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US launches new China trade investigation


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US launches new China trade investigation

The U.S. Commerce Department initiated fresh antidumping investigations into whether imports of gluconic acid, sodium gluconate, and derivative products from China and France are being sold in the U.S. at less than fair value.

In addition, the department opened a countervailing duty investigation to determine whether the producers of these products in China receive government subsidies.

The Commerce Department initiated the antidumping and countervailing duty investigations after a Nov. 30 complaint from PMP Fermentation Products Inc. alleging estimated dumping margins of 213.15% for China and 76.95% for France. PMP charged that the governments were providing preferential loans, interest rates, grant and tax programs, and other assistance.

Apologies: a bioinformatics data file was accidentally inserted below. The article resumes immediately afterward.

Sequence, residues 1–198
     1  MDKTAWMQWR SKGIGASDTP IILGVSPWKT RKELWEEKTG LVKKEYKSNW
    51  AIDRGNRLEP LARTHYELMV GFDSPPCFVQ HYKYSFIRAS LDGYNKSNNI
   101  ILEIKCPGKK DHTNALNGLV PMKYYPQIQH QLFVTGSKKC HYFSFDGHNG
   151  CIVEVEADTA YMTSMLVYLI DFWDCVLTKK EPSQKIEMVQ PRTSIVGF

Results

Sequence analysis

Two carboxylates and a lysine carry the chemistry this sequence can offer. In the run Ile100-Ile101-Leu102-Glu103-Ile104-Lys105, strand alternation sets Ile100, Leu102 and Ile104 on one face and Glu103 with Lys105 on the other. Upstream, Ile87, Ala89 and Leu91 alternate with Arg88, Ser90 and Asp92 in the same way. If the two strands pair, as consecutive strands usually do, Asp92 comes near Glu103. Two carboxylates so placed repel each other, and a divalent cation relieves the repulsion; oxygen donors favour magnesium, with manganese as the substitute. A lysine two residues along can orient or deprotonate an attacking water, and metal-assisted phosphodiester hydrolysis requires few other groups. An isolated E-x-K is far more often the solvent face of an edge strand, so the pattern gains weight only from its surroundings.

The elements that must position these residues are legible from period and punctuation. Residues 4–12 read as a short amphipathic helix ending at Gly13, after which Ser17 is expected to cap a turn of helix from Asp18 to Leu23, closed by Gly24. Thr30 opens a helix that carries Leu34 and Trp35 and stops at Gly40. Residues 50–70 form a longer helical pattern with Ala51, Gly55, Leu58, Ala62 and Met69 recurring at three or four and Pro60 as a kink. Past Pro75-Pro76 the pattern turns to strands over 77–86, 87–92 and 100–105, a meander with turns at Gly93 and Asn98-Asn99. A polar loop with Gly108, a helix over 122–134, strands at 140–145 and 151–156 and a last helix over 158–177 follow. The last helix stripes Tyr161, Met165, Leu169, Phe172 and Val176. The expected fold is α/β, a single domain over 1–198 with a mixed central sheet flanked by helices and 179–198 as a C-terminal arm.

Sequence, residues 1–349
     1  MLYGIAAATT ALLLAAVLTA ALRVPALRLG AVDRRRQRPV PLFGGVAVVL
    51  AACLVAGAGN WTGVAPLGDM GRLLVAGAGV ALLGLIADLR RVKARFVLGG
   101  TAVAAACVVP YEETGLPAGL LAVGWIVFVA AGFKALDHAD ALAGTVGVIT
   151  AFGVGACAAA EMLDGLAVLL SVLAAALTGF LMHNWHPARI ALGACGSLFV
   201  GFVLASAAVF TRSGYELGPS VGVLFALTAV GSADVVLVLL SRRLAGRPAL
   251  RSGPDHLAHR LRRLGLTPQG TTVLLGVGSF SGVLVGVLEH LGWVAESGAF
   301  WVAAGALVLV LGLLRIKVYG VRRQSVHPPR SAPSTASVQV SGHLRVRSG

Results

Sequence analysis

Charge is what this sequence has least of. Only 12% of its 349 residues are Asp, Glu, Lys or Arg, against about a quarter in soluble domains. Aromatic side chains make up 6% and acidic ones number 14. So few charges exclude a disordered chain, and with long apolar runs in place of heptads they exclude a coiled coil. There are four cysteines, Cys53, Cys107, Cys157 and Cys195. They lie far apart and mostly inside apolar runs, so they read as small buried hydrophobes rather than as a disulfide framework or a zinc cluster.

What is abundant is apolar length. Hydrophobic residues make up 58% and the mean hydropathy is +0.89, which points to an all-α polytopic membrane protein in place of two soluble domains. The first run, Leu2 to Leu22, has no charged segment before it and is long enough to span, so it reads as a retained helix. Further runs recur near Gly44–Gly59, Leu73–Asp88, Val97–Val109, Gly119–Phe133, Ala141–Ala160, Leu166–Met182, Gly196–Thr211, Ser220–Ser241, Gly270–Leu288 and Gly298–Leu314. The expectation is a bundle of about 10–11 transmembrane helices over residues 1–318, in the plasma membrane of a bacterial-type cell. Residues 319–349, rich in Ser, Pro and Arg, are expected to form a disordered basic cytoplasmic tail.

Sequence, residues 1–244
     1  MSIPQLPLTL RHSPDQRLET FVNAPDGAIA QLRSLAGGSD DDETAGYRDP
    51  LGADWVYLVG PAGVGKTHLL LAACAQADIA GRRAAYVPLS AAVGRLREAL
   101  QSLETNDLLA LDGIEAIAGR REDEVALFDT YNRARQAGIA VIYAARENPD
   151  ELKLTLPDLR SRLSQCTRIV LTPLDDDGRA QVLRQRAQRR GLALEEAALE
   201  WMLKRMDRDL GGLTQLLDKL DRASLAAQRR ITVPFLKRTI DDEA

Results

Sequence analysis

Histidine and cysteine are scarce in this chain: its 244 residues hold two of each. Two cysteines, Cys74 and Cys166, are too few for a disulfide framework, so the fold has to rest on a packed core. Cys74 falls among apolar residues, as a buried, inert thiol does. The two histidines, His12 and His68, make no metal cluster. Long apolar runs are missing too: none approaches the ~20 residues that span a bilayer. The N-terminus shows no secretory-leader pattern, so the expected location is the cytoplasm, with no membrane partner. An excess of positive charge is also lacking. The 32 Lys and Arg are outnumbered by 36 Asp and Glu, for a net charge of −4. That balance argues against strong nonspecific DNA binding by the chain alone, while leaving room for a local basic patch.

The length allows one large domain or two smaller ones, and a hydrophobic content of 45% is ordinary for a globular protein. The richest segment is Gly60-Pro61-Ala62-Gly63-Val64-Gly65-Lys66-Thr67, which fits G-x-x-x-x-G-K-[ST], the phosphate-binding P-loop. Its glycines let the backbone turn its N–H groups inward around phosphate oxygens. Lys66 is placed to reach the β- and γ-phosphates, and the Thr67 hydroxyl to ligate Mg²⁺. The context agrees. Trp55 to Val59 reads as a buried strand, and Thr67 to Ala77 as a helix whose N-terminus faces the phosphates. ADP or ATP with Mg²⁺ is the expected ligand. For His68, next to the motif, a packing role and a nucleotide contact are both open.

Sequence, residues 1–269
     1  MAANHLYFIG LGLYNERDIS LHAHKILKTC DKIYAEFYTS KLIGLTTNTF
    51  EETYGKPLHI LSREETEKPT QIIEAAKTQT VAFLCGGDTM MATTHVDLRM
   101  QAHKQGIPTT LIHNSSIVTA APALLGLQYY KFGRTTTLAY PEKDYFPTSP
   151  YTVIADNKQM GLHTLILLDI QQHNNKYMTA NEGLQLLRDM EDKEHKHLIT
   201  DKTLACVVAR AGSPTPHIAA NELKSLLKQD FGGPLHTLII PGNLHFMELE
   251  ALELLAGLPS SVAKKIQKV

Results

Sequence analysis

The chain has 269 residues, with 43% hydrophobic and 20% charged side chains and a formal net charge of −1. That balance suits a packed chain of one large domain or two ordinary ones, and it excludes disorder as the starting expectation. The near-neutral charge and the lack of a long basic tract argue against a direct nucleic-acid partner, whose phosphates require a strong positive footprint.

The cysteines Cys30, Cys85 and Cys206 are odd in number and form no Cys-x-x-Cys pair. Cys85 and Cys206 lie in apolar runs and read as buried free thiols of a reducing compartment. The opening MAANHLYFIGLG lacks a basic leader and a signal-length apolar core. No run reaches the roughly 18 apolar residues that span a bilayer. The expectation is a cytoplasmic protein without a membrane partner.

Imports of gluconic acid, sodium gluconate and derivative products from China and France in 2016 were valued at approximately $4.4 million and $6.1 million, respectively.

In November, the Commerce Department opened an investigation into Chinese aluminum imports. Previously, the U.S. government imposed tariffs on plywood imports from China. The Trump administration is also considering whether to impose tariffs on Chinese steel.

"The Trump administration will defend American workers and businesses with every tool at our disposal," Commerce Secretary Wilbur Ross said in a statement announcing the most recent action.